When you think of cave paintings, you probably think of something like the painting above. It’s a depiction of a bison from the cave of Altamira in Spain, painted during the paleolithic period, around 22,000 years ago.
The paintings in Altamira were discovered in the 1880s and became a huge tourist attraction once they were shown to be real. But the presence of so many tourists in the narrow confines of the cave system (or more specifically, the carbon dioxide in the tourist’s breath) damaged the paintings. The damage led authorities to close the caves to visitors in 1977, reopening to limited visitors from 1982-2002, when the cave closed down again. Since then, visitors have been able to see replicas of the paintings in a nearby museum, but haven’t been allowed inside the cave. Until today.
Today, five visitors to the museum were selected at random to visit the cave, instead of the replicas. This is the first time members of the public were allowed inside the cave in 12 years—and it's the first step towards potentially reopening the cave in the future. They will only be allowed inside a short time, less than 40 minutes.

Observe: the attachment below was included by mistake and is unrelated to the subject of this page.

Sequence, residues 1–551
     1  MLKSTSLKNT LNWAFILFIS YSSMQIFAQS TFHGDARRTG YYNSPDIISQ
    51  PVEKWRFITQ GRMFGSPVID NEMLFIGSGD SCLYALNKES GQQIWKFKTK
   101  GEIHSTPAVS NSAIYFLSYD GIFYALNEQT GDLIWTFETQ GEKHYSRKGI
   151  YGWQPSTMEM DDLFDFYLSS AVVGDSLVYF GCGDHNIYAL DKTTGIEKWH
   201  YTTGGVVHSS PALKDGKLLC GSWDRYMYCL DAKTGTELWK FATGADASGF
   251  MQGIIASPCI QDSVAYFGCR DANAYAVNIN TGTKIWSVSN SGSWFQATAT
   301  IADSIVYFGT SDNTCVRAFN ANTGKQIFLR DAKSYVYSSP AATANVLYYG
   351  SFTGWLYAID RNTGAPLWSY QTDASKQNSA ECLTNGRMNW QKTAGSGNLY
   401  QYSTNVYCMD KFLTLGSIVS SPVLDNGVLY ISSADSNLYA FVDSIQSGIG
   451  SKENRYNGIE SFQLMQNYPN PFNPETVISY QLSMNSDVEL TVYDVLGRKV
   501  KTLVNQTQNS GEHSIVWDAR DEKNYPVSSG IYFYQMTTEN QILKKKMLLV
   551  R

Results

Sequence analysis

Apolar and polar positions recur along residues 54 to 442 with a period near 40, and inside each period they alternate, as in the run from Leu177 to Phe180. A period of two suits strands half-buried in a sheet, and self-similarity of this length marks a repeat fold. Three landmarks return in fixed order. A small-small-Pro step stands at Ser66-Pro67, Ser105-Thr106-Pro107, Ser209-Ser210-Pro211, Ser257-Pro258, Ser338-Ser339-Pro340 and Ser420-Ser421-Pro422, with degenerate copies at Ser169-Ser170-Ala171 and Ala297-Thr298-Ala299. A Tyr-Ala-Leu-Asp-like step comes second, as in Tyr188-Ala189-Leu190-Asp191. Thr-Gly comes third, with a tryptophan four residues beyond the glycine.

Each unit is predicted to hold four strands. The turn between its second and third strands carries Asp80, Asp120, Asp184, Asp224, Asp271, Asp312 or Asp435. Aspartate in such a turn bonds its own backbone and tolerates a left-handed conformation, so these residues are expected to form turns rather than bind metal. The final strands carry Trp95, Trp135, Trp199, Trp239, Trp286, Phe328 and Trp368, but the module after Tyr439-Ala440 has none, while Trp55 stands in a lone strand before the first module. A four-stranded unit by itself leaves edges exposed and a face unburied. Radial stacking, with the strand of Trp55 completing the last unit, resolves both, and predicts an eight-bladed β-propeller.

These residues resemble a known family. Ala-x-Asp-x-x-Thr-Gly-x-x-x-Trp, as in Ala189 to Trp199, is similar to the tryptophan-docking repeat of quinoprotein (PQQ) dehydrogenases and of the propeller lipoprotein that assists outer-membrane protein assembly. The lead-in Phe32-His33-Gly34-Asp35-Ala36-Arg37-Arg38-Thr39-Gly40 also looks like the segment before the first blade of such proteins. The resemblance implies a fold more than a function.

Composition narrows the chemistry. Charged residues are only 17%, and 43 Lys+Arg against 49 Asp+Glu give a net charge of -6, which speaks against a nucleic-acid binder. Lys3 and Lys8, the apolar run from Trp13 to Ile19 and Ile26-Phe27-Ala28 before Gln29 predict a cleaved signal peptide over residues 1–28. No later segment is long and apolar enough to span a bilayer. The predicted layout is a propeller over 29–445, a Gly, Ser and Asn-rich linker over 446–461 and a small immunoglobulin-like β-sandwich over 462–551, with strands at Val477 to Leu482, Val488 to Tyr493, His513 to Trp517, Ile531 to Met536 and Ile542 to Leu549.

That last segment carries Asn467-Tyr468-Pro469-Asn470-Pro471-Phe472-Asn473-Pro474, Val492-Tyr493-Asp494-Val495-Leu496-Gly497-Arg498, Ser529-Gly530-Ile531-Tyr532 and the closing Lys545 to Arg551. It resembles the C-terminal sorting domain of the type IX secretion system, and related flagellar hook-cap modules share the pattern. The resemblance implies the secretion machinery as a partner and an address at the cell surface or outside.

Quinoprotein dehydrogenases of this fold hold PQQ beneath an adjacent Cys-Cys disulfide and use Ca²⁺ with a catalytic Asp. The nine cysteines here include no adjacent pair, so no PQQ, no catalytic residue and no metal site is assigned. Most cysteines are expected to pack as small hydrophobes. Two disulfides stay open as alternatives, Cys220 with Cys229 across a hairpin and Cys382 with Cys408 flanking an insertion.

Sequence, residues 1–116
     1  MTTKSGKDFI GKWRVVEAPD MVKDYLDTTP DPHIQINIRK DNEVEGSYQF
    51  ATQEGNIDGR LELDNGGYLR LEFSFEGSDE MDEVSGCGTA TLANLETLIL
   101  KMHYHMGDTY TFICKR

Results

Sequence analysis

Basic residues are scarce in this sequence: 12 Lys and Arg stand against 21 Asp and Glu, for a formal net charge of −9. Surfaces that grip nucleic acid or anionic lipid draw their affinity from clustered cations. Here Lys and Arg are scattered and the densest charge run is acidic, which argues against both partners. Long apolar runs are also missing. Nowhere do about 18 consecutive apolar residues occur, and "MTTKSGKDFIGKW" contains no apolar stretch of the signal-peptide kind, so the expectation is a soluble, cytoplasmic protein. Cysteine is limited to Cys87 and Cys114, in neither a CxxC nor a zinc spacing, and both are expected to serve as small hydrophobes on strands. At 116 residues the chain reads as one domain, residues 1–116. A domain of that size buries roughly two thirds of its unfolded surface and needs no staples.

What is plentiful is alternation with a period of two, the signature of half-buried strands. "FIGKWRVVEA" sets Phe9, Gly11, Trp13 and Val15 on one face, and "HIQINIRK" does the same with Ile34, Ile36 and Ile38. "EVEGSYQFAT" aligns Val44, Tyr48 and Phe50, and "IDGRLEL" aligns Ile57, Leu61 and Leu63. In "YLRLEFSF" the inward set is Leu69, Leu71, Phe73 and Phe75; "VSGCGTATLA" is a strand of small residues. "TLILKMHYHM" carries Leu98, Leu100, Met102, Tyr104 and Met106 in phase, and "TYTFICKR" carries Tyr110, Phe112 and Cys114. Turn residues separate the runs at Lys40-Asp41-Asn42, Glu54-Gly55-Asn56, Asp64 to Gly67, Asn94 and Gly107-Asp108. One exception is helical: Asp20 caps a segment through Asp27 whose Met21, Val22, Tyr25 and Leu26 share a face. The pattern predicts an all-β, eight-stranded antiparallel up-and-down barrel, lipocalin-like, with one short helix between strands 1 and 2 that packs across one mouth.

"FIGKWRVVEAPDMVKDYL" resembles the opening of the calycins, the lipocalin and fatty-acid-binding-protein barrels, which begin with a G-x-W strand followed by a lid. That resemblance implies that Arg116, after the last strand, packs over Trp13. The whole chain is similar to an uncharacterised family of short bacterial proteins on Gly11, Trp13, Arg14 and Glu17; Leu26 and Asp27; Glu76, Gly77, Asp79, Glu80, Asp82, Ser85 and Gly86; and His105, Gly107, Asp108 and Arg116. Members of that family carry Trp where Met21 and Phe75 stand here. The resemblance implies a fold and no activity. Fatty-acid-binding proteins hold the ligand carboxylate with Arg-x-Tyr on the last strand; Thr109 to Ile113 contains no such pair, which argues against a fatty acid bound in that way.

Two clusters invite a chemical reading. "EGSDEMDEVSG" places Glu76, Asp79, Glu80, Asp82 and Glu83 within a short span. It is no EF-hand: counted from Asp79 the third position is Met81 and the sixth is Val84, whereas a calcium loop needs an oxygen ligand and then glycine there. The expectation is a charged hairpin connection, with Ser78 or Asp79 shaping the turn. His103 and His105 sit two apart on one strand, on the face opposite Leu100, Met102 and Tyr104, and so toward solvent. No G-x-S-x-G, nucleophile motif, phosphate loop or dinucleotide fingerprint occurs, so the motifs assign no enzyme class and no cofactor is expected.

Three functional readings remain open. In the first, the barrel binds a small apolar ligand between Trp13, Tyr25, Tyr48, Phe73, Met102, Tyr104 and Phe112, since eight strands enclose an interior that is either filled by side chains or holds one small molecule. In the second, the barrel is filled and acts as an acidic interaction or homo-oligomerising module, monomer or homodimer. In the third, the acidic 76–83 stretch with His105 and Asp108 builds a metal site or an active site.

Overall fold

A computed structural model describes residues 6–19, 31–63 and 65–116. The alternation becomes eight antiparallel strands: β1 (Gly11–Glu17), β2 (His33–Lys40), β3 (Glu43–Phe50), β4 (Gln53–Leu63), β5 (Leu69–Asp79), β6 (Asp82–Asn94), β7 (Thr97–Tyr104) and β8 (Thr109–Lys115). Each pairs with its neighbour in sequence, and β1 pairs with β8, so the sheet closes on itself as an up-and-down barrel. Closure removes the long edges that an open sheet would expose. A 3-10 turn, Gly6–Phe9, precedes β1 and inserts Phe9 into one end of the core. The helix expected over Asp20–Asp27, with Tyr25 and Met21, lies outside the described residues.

During the visit, dozen of sensors will monitor changes in the cave's temperature and humidity, to see if more visitors can be allowed in in future, our correspondent says....
Despite the historic nature of the viewing, taking pictures will not be allowed. Nor will visitors be allowed to touch the rock.
They will be also dressed in protective clothing, to help prevent contamination of the site.
If this experiment goes well, it'll continue—once a week, on a random day, five museum visitors will get to vist the caves, until August. It's not exactly good enough odds to plan a trip to Spain around, but anyone who would want to visit the museum replica regardless can keep their fingers crossed that maybe they'll get a chance to see the real thing.